Whether you're holding networking meetings, joining a webinar, or attending an interview, you can expect that it will happen virtually. As we rely on technology to connect socially as well as professionally, it's useful to consider what's appropriate in different situations. Every employer will have a different take on things, but most will be highly empathetic. At Akamai we appreciate that life and work have blurred, and understand if your pet or child makes an unexpected appearance. But try and make sure your environment is clear and tidy, and dress as if you were attending an interview in-person (avoid patterns that can distort on screen). Also, while some of the software provided backgrounds are fun, I would recommend you keep your video background neutral. Prepare. You might even practice for a video interview with the help of a friend or family member. Be sure to look at the person you are speaking to, not your image. Test your technology beforehand, and close any applications which may distract you or interfere during your meeting. Most importantly, relax. Interviews by definition can make us nervous and video can intensify those feelings. When looking for a job, every conversation is worthwhile. Take a deep breath, smile and engage the person over video just as you would in person.
3. Think flexibly
Uncertainty rules and things are changing fast. That could mean the role you were thinking of applying to is no longer available, or that it has changed to better reflect business needs. Nobody has all the answers right now. We're all adapting as we try to find the best way, so be prepared for the unexpected. Be as flexible as you can and keep an open mind. You may want to explore a new skillset to add to your resume. You may have been planning to relocate and now find that you'll be working remotely. Perhaps you were looking forward to meeting with your new team, and now have to do so virtually. Your resilience and ability to adapt will help you find the right opportunity, and avoid disappointment along the way.
4. Update your online brand
With recruiters reliant on virtual experiences to get to know you, it's worth investing time and energy in your online brand to ensure it's showing you in the best light, and that your profiles are up-to-date. You'll also want to check that you're telling a consistent story across LinkedIn, your resume, and any covering letters or applications. Have you written any articles or blog posts that you can highlight through LinkedIn? If not, maybe now is a good time to write some? Take every opportunity that you can to showcase not just your experience, but also your point of view.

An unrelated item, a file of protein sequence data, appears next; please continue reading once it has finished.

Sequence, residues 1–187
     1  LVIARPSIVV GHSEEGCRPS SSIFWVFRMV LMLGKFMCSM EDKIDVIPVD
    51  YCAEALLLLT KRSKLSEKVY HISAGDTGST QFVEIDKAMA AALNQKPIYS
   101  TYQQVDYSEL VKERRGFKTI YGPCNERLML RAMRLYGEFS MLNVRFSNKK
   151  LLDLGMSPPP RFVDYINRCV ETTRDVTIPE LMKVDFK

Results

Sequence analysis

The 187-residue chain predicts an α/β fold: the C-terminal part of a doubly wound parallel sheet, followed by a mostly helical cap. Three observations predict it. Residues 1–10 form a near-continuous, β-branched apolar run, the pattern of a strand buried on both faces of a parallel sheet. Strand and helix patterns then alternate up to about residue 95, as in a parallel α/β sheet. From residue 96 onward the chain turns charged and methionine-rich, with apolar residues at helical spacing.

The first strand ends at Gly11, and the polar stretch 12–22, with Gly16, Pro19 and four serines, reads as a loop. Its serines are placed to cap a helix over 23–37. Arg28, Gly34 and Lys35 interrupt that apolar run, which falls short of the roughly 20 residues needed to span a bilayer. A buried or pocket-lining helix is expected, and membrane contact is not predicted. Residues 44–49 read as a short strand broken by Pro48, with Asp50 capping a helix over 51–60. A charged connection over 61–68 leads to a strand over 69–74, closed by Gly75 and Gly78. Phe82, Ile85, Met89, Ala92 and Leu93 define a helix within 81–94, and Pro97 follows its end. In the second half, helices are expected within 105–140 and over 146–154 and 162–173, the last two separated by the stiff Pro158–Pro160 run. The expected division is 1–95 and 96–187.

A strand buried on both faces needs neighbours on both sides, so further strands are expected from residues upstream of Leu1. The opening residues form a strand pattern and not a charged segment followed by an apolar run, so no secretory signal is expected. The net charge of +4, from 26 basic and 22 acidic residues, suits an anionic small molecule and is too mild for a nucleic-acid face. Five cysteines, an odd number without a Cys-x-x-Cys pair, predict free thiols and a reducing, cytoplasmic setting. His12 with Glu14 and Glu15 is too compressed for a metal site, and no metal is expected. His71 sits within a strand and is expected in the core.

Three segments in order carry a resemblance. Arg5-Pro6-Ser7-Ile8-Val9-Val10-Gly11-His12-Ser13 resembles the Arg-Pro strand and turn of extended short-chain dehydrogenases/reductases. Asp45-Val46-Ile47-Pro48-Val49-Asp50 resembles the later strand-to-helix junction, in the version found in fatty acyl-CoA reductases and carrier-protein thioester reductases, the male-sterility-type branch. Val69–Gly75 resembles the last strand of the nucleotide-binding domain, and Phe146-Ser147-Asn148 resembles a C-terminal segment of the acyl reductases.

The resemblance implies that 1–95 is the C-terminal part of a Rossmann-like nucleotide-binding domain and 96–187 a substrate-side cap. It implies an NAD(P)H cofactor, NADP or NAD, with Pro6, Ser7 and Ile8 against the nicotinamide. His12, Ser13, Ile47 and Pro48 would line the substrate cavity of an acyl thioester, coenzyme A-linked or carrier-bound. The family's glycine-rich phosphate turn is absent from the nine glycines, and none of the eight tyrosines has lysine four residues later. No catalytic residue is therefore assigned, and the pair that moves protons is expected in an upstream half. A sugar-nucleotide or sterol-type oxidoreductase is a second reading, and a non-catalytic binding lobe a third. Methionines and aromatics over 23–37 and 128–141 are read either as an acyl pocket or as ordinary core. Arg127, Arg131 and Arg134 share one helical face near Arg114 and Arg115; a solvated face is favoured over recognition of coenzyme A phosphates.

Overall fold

5. Know what energizes you
This doesn't just apply to our current situation, but I do think during challenging times it is fundamental to helping you stand out, and guiding you towards the right opportunity. Spend time upfront in your job search weighing up what matters most to you. This might be an exercise you've gone through before, but given the changing circumstances and impact of COVID-19, it could be worth revisiting this to check in on your own priorities and whether they've shifted at all. Ask yourself what kind of work you want to do. What experiences or support do you need to help you grow? How should work fit with your lifestyle? Once you know what matters to you, you can be clear and authentic about your motivations - making a compelling case to prospective employers. We want to hear about the real you. At Akamai, our inclusive work culture thrives through the different experiences and perspectives that our people bring. The more we can understand what drives you as an individual, the better we can see where you fit within our community.
Finally, remember that when you start a new job you also join a team, and become a part of that organization's culture. I can imagine it may feel more daunting than usual if you find yourself working remotely from the outset, but I hope through virtual introductions, on-boarding and great communication, you will feel welcomed and included from day one.